The other day while dreaming of the days when I was able to afford to travel I noticed a book being offered, The Gluten Free Guide to Italy. I supposed if I had a gluten allergy, and I were going on a trip to Italy I might just try to avoid gluten as I probably would be doing anyway, all of the time. In fact, ultimately I would eat the food groups I normally do, and in Italy I would be ordering polenta and risotto rather than pasta. What's the big deal? Would I need a book to figure this out, or would I need the book to make me feel special as I flashed it around?
Someone I know does not eat tomatoes or eggplant or anything else from "the deadly nightshade family." She read in some crackpot health food journal that eating foods from this family encourages arthritis. And she is concerned with acquiring debilitating arthritis. The fact that nobody in her family has ever even complained of arthritis is of no interest to her. She very concerned.
By the way, I consider "scientific research " crackpot, particularly if there is any profit motive involved. Take for example the consistency with which how very profitable drugs seem to plagued by "recent research" just months before their patent protection expires. They are found to be deadly and banned moments before generics are produced in mass quantities. But that same drug company has a replacement drug just coming out which does an even better job than the newly banned one. Though while scientific research is crackpot it makes more sense to me than religion based pseudo-science which seems closely associated with the Republican Party.
For 20 years people avoided eggs like they were the black plague, because they were so high in cholesterol, even though there is still no study that shows that if you eat foods high in cholesterol your cholesterol will go up. But then decades later they discovered that there was a testing error on that egg and they decided to waste another egg. Now instead of one egg a week you were allowed to eat three or four a week, even though they have still not proved that vital link. Nonetheless people who's 90 year old parents suffer from high cholesterol avoid eggs and take cholesterol lowering drugs.
Even worse than crackpot scientific research are allergies. My attitude as a cook and a host is if it just doesn't "agree" with you, and doesn't make you go into anaphylactic shock, just shut up about it, and eat around it. I am completely sick of hearing "Garlic doesn't agree with me," and "I can't eat onions." And I find it outrageous that if the crew on Jet Blue is told that someone has a peanut allergy the don't serve packets of peanuts on that flight at all. Oh, wait a minute, do they even serve anything anymore or have they installed vending machines along side the pay toilets?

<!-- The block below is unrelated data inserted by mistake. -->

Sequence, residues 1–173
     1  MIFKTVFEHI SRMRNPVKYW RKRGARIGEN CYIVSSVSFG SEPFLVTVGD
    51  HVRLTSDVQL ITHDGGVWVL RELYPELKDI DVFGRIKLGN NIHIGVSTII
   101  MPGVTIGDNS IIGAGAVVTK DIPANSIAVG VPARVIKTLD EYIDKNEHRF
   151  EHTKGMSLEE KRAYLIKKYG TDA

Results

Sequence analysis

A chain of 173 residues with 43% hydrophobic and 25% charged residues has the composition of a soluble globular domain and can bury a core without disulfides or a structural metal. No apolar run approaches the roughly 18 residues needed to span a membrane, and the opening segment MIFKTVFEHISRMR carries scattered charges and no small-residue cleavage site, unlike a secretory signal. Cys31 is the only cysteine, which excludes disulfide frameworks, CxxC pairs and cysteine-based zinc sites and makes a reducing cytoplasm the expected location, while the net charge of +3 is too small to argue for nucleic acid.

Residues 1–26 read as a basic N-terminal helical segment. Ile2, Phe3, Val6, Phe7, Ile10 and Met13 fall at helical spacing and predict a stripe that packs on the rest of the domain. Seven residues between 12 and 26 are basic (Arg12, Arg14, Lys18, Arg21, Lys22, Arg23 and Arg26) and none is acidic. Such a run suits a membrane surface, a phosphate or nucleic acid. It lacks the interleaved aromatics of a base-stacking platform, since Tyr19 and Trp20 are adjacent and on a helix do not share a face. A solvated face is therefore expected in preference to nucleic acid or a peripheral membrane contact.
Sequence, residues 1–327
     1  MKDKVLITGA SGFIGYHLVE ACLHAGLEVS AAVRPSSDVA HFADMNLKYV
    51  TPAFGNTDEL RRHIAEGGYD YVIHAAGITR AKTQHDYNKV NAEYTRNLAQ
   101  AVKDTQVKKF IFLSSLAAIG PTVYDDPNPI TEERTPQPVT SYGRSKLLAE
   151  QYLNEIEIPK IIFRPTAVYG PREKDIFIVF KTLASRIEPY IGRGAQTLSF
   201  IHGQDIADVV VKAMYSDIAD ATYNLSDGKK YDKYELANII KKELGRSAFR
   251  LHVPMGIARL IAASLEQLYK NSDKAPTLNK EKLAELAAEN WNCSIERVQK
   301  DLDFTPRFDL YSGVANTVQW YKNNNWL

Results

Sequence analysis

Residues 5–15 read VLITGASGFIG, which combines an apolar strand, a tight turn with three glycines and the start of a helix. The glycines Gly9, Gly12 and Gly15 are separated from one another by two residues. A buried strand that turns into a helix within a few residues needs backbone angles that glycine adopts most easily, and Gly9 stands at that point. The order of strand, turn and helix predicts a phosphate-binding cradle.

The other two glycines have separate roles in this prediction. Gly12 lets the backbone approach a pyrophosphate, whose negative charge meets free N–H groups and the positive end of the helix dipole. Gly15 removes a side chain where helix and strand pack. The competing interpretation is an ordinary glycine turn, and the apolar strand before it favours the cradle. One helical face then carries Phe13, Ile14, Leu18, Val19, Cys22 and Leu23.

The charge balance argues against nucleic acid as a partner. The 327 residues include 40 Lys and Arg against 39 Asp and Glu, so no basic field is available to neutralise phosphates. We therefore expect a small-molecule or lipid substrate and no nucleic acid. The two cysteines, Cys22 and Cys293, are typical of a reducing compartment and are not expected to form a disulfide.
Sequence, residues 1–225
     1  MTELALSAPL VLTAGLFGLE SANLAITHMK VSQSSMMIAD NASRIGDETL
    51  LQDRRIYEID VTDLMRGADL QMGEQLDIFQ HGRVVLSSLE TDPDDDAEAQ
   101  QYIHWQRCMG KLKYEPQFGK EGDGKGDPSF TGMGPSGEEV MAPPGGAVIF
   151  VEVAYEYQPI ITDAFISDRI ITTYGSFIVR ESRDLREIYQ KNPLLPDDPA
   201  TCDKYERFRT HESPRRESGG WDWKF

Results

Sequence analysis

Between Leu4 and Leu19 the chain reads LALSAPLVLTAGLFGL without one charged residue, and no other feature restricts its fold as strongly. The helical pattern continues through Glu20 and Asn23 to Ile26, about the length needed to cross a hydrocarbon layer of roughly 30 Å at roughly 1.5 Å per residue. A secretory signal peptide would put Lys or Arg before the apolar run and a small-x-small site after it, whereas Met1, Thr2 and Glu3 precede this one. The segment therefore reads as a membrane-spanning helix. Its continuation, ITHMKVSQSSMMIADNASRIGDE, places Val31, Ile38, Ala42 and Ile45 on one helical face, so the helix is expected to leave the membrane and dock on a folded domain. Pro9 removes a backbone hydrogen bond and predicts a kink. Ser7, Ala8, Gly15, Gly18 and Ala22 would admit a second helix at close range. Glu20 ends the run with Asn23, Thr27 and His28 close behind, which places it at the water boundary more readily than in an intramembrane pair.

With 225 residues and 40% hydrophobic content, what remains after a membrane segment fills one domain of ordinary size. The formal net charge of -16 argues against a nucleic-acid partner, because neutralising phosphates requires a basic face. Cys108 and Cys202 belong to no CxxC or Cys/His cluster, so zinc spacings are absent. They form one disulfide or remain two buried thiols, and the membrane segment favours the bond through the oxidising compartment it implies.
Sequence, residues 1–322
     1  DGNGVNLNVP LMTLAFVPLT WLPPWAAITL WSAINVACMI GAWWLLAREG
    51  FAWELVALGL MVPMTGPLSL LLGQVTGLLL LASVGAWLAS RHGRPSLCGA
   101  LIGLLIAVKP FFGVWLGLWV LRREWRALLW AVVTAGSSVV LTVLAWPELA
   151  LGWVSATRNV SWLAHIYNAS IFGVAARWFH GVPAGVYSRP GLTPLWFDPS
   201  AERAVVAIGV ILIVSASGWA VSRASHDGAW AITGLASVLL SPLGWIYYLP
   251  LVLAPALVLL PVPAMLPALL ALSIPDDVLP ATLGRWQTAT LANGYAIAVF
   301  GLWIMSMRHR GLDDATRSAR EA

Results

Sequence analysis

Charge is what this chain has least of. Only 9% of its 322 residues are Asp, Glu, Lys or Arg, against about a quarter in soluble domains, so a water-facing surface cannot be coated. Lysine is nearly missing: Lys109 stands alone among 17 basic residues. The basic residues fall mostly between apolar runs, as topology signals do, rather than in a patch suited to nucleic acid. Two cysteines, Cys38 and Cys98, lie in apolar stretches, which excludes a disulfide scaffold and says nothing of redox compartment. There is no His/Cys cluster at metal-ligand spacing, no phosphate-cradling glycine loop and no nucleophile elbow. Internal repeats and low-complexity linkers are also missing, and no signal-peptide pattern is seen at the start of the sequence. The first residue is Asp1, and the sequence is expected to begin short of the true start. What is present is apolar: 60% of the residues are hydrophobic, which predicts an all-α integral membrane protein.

And vegetarians are a total turn-off. Who even knows what the word vegetarian means? I do know what herbivore means, and it seems to mean what people only on rare occasion mean when they refer to themselves as a vegetarian.
I have heard:
"I'm a vegetarian, I eat shrimp, fish, chicken breast, cheese and eggs, but don't talk about chickens walking around with no breasts or I won't eat it. And I will eat a pastrami sandwich if I am visiting my cousin in Miami."
"She says meat disgusts her but she ate wild boar at Madonna's favorite restaurant in Tuscany."
"I eat no poultry or mammals, but I eat shrimp and seafood, and those chopped salmon patties from Costco, but not gefilte fish. And I think I am off of cheese because of the animal rennet."
"I eat no fish, mammals, poultry, eggs or cheese. But I do eat Parmigiano Reggiano grated on my vegetables."
"I'm a vegan and I eat no meat, poultry,cheese or eggs. I don't drink milk or use cream or butter, or eat ice cream. But I will eat a cookie made with butter and eggs (if it is made by my mother-in-law.)"
I'm waiting to hear, "I'm a vegan, but I eat ham on Passover."
It does seem a little like a obsessive, but not very compulsive disorder: I put my left sock on first, followed by my left shoe, followed by my right sock and then my right shoe, and then my underwear, unless I forget.
But there is one kind of "vegetarian" of which I do approve. Ones who keep their mouths shut, and don't obsessively throw their disability in your face. I have a friend who eats no meat, poultry, or fish, but will happily eat a beef stew, eating the vegetables and potatoes but not the chunks of meat. Hey, since I love having a double meat portion, and she is satisfied with a double vegetable portion, it works for both of us. (She also eats garlic beef salami from Chicago when the opportunity presents itself.) Not surprisingly, she isn't a religious fanatic, or any other kind of fanatic either. I find people who take themselves too seriously, in general are very tedious.
So, I am much less resentful cooking a vegetarian dinner for this woman than I am for someone who is a totally rigid except when they have a yen. And the last time she was here I did cook a "vegetarian dinner" But perhaps she isn't really that easy going at all. perhaps she just knows how to work me.